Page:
Projects Stormfury, Skywater, and Others

During the 1960s, the government commissioned a new wave of hurricane cloud seeding projects. Known as Project Stormfury, the experiments proposed that by seeding a hurricane’s outer cloud bands with silver iodide, convection would grow at the storm’s edges. This would create a new, larger (and therefore, weaker) eye with reduced winds and reduced intensity.

It was later determined that seeding would have little effect on hurricanes since their clouds naturally contain more ice than supercooled water.

From the 1960s to the 1990s, several more programs arose. Project Skywater, led by the U.S. Bureau of Reclamation, was focused on augmenting water supplies in the western United States. The number of U.S. weather modification projects dwindled in the 1980s due to the lack of “convincing scientific proof of the efficacy of intentional weather modification."

However, the Bureau of Reclamation’s 2002-2003 Weather Damage Modification Program, as well as California's 2001-2002 and 2007-2009 historic droughts, sparked renewed interest in cloud seeding which continues to this day.

How Cloud Seeding Works

In nature, precipitation forms when tiny water droplets suspended within clouds grow large enough in volume to fall without evaporating. These droplets grow by colliding and joining with neighboring droplets, either by freezing onto solid particles having crystalline, or ice-like structures, known as ice nuclei, or by attracting onto specs of dust or salt, known as condensation nuclei.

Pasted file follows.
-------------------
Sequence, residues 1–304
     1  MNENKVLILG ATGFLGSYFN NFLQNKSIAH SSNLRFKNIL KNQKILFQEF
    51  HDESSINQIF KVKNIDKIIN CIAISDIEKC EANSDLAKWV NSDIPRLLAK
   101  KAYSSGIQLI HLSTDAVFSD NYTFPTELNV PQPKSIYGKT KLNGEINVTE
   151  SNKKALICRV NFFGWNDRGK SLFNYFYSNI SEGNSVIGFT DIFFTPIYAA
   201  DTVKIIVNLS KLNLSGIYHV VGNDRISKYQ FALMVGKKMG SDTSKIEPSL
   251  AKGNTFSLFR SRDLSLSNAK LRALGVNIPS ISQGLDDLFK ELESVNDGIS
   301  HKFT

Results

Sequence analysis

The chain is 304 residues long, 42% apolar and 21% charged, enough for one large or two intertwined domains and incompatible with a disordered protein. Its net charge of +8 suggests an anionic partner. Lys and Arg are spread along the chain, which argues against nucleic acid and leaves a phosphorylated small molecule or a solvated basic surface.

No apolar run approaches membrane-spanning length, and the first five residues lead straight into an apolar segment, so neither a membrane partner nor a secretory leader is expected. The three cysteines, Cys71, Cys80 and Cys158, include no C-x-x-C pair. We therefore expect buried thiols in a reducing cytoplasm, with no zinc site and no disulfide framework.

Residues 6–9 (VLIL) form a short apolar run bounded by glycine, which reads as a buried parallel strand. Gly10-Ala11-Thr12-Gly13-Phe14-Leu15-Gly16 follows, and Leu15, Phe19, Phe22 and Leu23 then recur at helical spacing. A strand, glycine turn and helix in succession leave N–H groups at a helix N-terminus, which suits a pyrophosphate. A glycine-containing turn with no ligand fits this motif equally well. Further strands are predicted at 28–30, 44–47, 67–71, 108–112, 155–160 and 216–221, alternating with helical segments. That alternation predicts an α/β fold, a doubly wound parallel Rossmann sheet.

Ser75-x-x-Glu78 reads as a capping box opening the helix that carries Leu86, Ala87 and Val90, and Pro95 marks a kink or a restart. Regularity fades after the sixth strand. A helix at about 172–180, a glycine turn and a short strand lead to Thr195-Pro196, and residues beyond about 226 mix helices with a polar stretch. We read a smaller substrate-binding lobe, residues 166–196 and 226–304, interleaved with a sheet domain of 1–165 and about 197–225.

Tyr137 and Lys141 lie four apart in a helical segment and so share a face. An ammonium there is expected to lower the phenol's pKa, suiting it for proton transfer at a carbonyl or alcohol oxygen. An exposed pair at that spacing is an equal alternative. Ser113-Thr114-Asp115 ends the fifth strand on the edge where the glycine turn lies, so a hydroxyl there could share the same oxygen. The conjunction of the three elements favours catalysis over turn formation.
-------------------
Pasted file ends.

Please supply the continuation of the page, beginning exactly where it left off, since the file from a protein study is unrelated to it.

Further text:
Cloud seeding boosts this natural process by injecting clouds with additional nuclei, thus enhancing the number of droplets that grow large enough to fall like raindrops or snowflakes, depending on air temperatures within and beneath the cloud.

These synthetic nuclei come in the form of chemicals like silver iodide (AgI), sodium chloride (NaCl), and dry ice (solid CO2). All are dispensed into the heart of precipitation-producing clouds via ground-based generators that emit chemicals into the air, or aircraft that deliver payloads of chemical-filled flares.

In 2017, the United Arab Emirates, which conducted almost 250 seeding projects in 2019, began testing new technology in which drones fly into clouds and deliver an electric shock. According to the University of Reading, this electric charge method ionizes the cloud droplets, making them stick to each other, thereby boosting their growth rate. As it eliminates the need for chemicals like silver iodide (which can be toxic to aquatic life), it could become a more eco-friendly seeding option. 

Does Cloud Seeding Work?

Close-up of hands outstretched, catching raindrops.

Elva Etienne / Getty Images

While seeding is traditionally credited with boosting rainfall and snowfall by 5 to 15%, scientists have recently made headway in measuring actual accumulations.

A 2017 Idaho-based winter cloud seeding study used weather radar and snow gauge analyses to parse out the signal specific to seeded precipitation. The study revealed that seeding had produced 100 to 275-acre feet of water—or enough to fill nearly 150 Olympic-sized swimming pools—depending on how many minutes clouds were seeded for.

View Article Sources